The steep shoreline along the bay is lined with large dark boulders smoothed by the constant surf crushing on them. Smaller rocks roll up and down with the waves, producing a low thunder sound as they are fashined into a round shape by the constant rubbing.
Along the beach stands a modest guesthouse, or a resort, very different from the large, all inclusive town-size resorts we have seen in other islands - Lanzarote, Fuerteventura, Gran Canaria. It is a single structure with a red roof, white cinder blocks fence, large solar panels, one big veteran tree and a lot of green vegetation around.
Behind it, a steep canyon made of 13 million years old granite, has pools for collecting rain water carved in the rock and built with rudimentary blocks and cement. On the beach in front of the resort, 3-4 naked bathers lounged.
There’s no cellular reception in the bay so I had to venture into town. I found the central bus station abandoned but this is where the cell tower was. The next bus to San Sebastian is in 4 hours.
After lunch I found a printed leaflet in front of a small prayer house overlooking the water in the center of the next door village bay. Three piles of leaflets were left there under a round stone to battle the constant breeze. “Movie Night” the title read. It was the third part of “The Secret”, a well known spiritual trilogy. The leaflet was in the German language. The movie will be screened tonight at the resort in my bay.
Next to the prayer house a man was playing a guitar. The sound was amazingly clear and pure. I approached, sat nearby on a small wall in the shade and tore pieces off of a fresh baguette I just got and ate it. I have not listened to live music for a long while and this was a real pleasure. The guitarist, in long hair and faded clothes, maybe 40 years old, smiled at me and nodded.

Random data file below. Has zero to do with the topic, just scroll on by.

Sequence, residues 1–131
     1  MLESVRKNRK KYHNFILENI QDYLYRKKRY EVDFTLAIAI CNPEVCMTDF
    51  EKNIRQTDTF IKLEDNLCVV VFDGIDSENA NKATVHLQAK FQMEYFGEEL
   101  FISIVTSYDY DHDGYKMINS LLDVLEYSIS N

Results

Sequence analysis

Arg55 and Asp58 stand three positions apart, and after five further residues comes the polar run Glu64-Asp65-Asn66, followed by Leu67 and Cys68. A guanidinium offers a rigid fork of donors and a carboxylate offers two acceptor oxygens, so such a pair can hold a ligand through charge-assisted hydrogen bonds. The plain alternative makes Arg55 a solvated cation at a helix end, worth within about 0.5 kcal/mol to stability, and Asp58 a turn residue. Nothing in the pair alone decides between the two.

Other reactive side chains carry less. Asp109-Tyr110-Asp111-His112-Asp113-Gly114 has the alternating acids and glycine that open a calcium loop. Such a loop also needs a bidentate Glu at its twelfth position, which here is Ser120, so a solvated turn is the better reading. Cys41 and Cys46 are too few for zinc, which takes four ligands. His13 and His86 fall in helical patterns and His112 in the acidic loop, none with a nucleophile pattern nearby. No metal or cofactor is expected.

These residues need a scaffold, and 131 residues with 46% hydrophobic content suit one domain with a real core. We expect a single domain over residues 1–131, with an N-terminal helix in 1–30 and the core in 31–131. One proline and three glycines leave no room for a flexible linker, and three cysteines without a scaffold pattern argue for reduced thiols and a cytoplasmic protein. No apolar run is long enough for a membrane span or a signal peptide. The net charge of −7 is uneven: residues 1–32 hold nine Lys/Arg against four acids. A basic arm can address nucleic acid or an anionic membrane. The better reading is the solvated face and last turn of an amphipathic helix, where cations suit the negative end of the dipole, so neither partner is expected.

I have seen one of these printed leaflets the day before, also in German, under a rock on the trail leading to the resort. The small village has a very large number of Germans in it. There are several German bakeries, run by Germans, serving Linzer torte, Schwarzwälder Kirschtorte and other delicious stuff. Vegan restaurants and the many nature and organic produce shops, have menus and signage in German language. The many German tourists usually wear light, thin clothes. Meditation, Yoga, veganism is their way. No beer drinking, no complaints about the disorder and inefficiencies of the local ways, and no tourist-like behaviour.
One of these visitors or tenants I stopped next to the central bus station to ask and get some information. The bus station is the only place I could get cellular reception. She was a young woman in a flowery dress walking on the bridge leading to the station.